AGENDA POINT 1: SURVEILLANCE OF IMPLEMENTATION OF RECOMMENDATIONS ADOPTED BY THE DSB
B. UNITED STATES – SECTION 110(5) OF THE US COPYRIGHT ACT: STATUS REPORT BY THE UNITED STATES (WT/DS160/24/ADD.176)
- We thank the United States for its status report and its statement today.
- We refer to our previous statements. We would like to resolve this case as soon as possible.
AGENDA POINT 1: SURVEILLANCE OF IMPLEMENTATION OF RECOMMENDATIONS ADOPTED BY THE DSB
C. EUROPEAN COMMUNITIES – MEASURES AFFECTING THE APPROVAL AND MARKETING OF BIOTECH PRODUCTS: STATUS REPORT BY THE EUROPEAN UNION (WT/DS291/37/ADD.139)
- The EU continues to progress with the authorisations where the European Food Safety Authority has finalised its scientific opinion and concluded that there are no safety concerns.
- As repeatedly explained by the EU and confirmed by the US delegation during the EU-US biannual consultations held on 12 June 2019, efforts to reduce delays in authorisation procedures are constantly maintained at a high level at all stages of the authorisation procedure. This has resulted in a clear improvement of the situation.
- During the last meetings of the DSB, the United States referred to what is known as the EU “opt-out Directive”. We would like to reiterate that the DSB recommendations and rulings do not cover that “opt-out Directive”.
- The EU acts in line with its WTO obligations. Finally, we recall that the EU approval system is not covered by the DSB's recommendations and rulings.
- The WTO Agreements do not require full international harmonisation and leave some regulatory space or autonomy to individual WTO Members. The European Union has different regulatory approaches to non-GMOs and GMOs but, in all cases, such regulations do not discriminate between imported and domestic like products.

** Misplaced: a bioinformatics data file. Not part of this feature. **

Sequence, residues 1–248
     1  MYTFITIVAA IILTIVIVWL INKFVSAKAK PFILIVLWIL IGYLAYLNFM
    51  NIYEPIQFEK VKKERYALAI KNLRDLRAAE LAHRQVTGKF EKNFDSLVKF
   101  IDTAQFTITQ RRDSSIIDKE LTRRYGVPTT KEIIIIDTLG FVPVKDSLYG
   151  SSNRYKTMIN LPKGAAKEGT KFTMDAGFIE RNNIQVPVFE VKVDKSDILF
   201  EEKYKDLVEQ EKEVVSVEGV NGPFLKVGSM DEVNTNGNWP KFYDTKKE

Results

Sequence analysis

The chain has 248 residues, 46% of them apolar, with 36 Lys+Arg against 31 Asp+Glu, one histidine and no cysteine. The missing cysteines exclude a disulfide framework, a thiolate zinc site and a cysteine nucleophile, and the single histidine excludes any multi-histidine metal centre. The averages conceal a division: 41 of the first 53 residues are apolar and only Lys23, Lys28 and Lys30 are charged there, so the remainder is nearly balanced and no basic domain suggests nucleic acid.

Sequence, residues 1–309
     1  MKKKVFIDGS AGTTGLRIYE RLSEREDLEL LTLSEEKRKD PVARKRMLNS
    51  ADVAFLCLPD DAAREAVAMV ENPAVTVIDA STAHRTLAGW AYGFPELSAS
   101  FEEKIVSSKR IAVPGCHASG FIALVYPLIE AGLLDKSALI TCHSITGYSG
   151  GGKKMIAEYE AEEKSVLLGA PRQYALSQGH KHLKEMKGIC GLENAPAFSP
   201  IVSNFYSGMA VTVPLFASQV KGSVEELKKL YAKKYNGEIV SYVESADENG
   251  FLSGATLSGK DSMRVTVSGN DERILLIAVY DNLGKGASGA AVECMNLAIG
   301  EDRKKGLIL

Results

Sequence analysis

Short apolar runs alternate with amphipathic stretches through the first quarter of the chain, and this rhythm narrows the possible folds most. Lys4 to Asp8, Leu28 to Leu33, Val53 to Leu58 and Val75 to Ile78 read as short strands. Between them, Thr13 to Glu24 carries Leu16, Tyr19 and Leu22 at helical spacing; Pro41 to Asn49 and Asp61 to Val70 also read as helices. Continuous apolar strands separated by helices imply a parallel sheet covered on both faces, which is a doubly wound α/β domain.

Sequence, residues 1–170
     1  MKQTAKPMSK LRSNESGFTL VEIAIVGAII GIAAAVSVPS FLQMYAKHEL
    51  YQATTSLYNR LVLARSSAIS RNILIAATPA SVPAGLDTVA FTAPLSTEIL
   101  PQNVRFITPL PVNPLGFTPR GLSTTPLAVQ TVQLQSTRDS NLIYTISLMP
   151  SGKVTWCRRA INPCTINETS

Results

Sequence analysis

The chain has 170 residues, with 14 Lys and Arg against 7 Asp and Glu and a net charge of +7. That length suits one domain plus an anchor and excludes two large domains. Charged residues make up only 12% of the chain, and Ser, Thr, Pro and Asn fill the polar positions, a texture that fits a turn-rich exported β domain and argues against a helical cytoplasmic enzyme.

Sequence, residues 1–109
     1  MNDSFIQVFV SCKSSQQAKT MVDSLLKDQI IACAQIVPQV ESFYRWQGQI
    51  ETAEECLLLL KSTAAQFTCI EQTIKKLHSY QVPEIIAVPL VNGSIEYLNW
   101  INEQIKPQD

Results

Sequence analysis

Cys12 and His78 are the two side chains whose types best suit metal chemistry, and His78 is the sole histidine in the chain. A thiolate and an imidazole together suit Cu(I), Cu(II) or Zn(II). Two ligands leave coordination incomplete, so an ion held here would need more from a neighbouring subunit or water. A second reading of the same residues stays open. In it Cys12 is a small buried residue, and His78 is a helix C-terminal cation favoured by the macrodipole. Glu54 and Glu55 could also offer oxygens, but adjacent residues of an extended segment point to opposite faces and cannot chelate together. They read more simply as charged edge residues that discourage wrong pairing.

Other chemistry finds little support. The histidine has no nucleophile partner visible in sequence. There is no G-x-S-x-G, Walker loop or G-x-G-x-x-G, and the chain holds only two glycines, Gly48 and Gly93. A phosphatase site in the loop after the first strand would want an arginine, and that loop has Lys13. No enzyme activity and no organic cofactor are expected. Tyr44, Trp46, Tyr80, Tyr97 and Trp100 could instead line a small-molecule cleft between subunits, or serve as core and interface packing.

- No EU Member State has imposed any “ban”. Under the terms of the Directive, an EU Member State can adopt measures restricting or prohibiting cultivation only when such measures are in line with EU law and are reasoned, proportional, non-discriminatory and based on compelling grounds.
- The free movement of seeds is embedded in Article 22 of Directive 2001/18/EC: ‘Member States may not prohibit, restrict or impede the placing on the market of GMOs, as or in products, which comply with the requirements of this Directive’. We also note that according to the provisions of the opt-out Directive (Article 26b, point 8) the measures adopted under the Directive ‘shall not affect the free circulation of authorised GMOs’ in the EU.
- Currently the EU Common Catalogue of varieties of agricultural species includes 150 varieties of maize MON 810, which are allowed to be marketed in the EU. Until today, the Commission has never received any complaints from seed operators or other stakeholders concerning the restriction of marketing of MON810 seeds in the EU. This confirms the smooth functioning of the internal market of MON810 seeds.
- If the US has any evidence at their disposal substantiating the disruption of the free movement of MON810 seeds in the EU we would be happy to discuss it with the US.
AGENDA POINT 1: SURVEILLANCE OF IMPLEMENTATION OF RECOMMENDATIONS ADOPTED BY THE DSB
- We thank Brazil for its status report and its statement today.
- The European Union would like to resolve this case as soon as possible and is following Brazil’s implementation efforts very closely. We recall that the reasonable period of time agreed by the parties expires on 31 December 2019. In addition, as agreed between the parties (WT/DS472/15), the time period for the withdrawal of the subsidies that were found to be prohibited expired on 21 June 2019.